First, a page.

I love a trip to a used bookstore. Earlier this week, I came across a copy of Weaving a Legacy: The Don and Jean Stuck Coverlet Collection by Clarita S. Anderson (1995).
The book details 356 nineteenth-century handwoven coverlets in the Don and Jean Stuck Coverlet Collection at the Columbus Museum of Art in Ohio. This collection is the largest public collection in the U.S. Have I mentioned, yet, that books like this one make me drool? The photos are fantastic, and the historical details provide background information that bring the weaver and the work alive.
I've been fascinated with textiles for as long as I can remember. And I recall seeing my first loom at the Smithsonian while in grade school and on a family trip to D.C. My response is still the same. How can single strands of thread create such a beautiful work of art?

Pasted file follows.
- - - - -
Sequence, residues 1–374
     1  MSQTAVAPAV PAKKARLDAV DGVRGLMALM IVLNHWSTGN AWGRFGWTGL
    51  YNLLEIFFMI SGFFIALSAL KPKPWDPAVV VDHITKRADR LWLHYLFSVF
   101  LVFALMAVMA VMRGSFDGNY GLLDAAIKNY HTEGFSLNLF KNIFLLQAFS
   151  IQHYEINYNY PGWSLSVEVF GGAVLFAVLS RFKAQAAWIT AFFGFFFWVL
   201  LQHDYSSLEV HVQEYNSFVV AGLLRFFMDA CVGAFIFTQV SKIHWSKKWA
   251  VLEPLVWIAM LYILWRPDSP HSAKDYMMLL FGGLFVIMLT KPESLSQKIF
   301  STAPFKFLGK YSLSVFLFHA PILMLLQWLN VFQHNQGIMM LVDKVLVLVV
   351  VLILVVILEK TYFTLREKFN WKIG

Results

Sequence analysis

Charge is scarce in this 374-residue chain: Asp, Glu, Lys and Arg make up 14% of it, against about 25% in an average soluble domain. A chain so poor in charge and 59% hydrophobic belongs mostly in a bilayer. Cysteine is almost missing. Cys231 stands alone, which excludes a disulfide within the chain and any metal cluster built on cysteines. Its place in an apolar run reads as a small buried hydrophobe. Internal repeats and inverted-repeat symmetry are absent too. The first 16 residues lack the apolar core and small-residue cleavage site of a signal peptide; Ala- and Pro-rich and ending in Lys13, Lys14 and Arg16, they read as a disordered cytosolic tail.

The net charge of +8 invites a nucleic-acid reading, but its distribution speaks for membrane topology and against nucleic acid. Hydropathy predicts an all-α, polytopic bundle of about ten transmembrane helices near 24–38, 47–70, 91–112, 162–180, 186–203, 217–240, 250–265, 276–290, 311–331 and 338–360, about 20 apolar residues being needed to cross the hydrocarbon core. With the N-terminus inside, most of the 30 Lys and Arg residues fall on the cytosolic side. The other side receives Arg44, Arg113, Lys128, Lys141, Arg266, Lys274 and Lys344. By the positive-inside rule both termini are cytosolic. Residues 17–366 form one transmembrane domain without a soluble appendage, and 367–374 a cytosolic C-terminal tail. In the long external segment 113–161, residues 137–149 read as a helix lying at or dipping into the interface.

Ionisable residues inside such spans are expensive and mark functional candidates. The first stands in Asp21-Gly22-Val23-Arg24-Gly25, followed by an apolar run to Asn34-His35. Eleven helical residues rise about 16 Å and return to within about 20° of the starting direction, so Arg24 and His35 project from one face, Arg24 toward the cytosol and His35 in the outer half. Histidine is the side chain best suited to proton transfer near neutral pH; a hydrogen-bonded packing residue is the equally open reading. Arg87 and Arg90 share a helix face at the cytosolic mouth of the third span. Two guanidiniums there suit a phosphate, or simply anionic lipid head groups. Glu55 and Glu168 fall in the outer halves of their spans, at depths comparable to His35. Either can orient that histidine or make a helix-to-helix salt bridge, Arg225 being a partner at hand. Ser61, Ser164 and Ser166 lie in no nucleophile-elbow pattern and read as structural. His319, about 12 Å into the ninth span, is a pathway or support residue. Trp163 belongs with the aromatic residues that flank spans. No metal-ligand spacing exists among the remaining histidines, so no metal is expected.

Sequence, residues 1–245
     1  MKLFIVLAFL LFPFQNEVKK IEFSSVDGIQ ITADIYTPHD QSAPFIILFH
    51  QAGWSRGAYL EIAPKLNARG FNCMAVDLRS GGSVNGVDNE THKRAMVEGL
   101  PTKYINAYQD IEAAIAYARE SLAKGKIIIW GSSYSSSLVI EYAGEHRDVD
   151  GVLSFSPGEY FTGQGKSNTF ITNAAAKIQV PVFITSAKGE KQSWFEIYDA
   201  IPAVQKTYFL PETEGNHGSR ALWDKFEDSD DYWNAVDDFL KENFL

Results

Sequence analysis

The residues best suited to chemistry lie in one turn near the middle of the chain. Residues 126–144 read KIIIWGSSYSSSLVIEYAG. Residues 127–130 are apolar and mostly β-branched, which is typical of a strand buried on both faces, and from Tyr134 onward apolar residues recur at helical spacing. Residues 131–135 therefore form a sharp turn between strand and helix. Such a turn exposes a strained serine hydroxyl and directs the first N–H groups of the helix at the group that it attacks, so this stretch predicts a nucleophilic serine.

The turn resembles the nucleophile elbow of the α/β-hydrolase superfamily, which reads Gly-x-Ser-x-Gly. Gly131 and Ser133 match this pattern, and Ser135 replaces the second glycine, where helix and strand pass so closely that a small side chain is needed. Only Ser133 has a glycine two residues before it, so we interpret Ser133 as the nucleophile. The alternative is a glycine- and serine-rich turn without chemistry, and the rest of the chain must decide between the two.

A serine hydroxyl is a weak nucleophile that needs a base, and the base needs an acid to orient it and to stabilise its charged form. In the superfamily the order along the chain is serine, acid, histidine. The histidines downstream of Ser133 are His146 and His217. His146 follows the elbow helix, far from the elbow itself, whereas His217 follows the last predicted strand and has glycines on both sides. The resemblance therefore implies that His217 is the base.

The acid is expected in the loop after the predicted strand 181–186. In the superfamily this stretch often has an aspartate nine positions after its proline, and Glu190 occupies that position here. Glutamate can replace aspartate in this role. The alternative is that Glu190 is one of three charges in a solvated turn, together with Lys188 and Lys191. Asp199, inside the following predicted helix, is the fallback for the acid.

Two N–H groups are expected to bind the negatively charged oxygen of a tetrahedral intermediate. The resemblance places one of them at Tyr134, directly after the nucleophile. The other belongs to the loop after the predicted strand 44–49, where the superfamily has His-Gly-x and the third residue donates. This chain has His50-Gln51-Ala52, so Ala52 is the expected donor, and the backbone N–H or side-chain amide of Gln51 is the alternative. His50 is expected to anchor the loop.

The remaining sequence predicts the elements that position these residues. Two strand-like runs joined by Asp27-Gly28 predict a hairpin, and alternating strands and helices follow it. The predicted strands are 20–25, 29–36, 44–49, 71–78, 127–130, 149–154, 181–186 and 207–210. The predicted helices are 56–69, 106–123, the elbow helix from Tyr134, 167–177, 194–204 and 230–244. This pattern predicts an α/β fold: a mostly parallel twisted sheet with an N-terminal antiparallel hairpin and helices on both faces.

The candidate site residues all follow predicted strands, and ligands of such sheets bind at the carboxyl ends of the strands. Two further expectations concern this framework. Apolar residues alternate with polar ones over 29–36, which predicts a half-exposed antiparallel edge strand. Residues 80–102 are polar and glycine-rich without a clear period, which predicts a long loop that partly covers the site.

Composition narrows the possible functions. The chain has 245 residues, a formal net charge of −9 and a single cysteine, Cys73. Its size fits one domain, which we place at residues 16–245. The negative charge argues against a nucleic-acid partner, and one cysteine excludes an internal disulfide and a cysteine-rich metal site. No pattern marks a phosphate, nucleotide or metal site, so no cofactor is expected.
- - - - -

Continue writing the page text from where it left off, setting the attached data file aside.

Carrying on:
The only weaving I have done, besides the requisite potholders (which I loved to make!), was a small tapestry piece of a landscape. Believe it or not, I can recall buying the kit at our local JC Penney's when I was in high school. I wonder if Mom and Dad still have that around? I'm fortunate enough to currently live in an area with an active weaving studio, so one of these days . . . !
For now, the "fix" is cross stitch.
I bought the pattern for Blue Ribbon Designs' Red Velvet Building Blocks prior to Christmas last year. The coverlet look and feel is what attracted me to it. I loved the overall design, as one of my cross-stitch fantasies (do you have those too???) is to have a collection of alphabet samplers. Yes, I have samplers with alphabets, but I've always imagined an area in my home with just cross-stitched alphabets. But I also loved the design because I envisioned small alphabet blocks either framed or made into hanging sachets.
So . . . last Christmas season I began with a couple of small blocks.
These are worked on 28-ct linen, and the small motif is worked over one. The coverlet design is actually comprised of at least four hidden alphabet letters. Pretty cool. I've enjoyed the design so much, that this is one chart that may very well become the chart that brings my alphabet fantasy to life!
Here's to fiber fantasies and a week of happy stitching, hooking, weaving . . . !